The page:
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Katherine McComas

picture of Katherine McComas


461 Mann Library Building
(607) 255-7737

My research program examines how people communicate about health, science, and environmental risks. Such communication takes place in many venues -- from the front page of the New York Times, to the website of the CDC, to the local public meeting, to the doctor's office, to the visitors' center in our national parks. I am particularly interested in how risk communication influences people's attitudes and behaviors, as well as incentives and barriers people face in the context of risk communication.

Research Focus

My current research examines ways to develop risk messages that encourage greater awareness of the linkages between human, animal, and environmental health and well-being ("One Health"). It also focuses on public acceptability of risk in the context of new and renewable energy technologies.

Outreach and Extension Focus

My research often takes place in contexts related to risk and environmental decision making (e.g., Why do people attend public meetings about local environmental risks? Who do people trust for information about renewable energy?), and I enjoy sharing my results and discussing other relevant research with people outside of the classroom who want to learn more about risk communication.

Teaching Focus

For the undergraduate major, I teach Communication and the Environment, Risk Communication, and Community Involvement in Environmental Decisions. In the graduate curriculum, I teach Risk Communication and Advanced Communication and the Environment.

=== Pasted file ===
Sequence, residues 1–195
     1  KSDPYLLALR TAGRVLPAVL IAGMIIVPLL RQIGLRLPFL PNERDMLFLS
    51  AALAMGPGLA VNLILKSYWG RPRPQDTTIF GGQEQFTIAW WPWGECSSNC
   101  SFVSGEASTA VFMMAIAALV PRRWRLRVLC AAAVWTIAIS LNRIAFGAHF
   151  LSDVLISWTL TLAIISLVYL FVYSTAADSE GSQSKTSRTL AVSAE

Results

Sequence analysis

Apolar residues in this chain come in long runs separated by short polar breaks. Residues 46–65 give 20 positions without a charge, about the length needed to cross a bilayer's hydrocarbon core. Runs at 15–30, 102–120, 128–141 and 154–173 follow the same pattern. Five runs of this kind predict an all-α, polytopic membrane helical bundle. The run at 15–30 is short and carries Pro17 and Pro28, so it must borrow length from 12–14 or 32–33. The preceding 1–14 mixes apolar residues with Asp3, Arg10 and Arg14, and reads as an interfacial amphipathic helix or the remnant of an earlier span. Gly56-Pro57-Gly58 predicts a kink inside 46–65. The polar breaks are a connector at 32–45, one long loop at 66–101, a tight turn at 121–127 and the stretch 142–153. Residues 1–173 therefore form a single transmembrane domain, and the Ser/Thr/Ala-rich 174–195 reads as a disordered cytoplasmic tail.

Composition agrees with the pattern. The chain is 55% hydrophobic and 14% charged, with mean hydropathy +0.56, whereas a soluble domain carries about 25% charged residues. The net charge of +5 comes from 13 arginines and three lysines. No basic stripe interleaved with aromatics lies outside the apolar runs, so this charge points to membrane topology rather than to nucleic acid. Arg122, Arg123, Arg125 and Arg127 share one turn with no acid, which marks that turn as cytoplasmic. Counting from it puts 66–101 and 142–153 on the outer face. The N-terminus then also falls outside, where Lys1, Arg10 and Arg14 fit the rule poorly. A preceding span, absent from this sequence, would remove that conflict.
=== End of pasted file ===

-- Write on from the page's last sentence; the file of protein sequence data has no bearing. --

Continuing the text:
Awards and Honors

  • President (2018) Society for Risk Analysis
  • Councilor (2015) Society for Risk Analysis
  • Fellow (2014) Society for Risk Analysis
  • Advisory Committee Service Award (2010) U.S. Food and Drug Administration
  • Fellow (2009) Cornell's Atkinson Center for a Sustainable Future

Selected Publications

Journal Publications

Presentations and Activities

  • Scared Yet Compassionate? Exploring the Order Effects of Threat Versus Suffering Messages on Attitude Toward Scary Victims. International Communication Association Annual Meeting. May 2019. Washington DC.
  • When the Greatest Risk Lies in Not Trying New Things: A “Business Model” for Resiliency. SRA 5th World Congress. May 2019. Society for Risk Analysis. Cape Town, South Africa.
  • Communication challenges of the future: Recognition, reconciliation, and rewards. EFSA Conference on Science, Food, & Society. September 2018. European Food Safety Authority. Parma, Italy.
  • Communicating about One Health: Promoting Systems-Level Thinking in a Soundbite Culture. Korean Society for Journalism and Communication Studies Annual Conference. October 2017. Seoul, South Korea.
  • Motivations and Barriers in the Face of Risk Communication. The Royal Society Policy Salon. October 2017. The Royal Society. London, United Kingdom.
  • Troubled Waters: Risk Perception and the Case of Oyster Restoration in the Closed Waters of the Hudson-Raritan Estuary. AEJMC 2017 Annual Conference. August 2017. Chicago, IL.
  • One Health messaging about bats and rabies: How framing of risks, benefits, and attributions can support public health and wildlife conservation goals. Society for Risk Analysis 2015 Annual Meeting. December 2015. Arlington, VA.
  • How do people think about marine health? Exploring motivated reasoning about the links between climate change, oyster disease, and human health. International Communication Association (ICA). May 2014. ICA. Seattle, WA.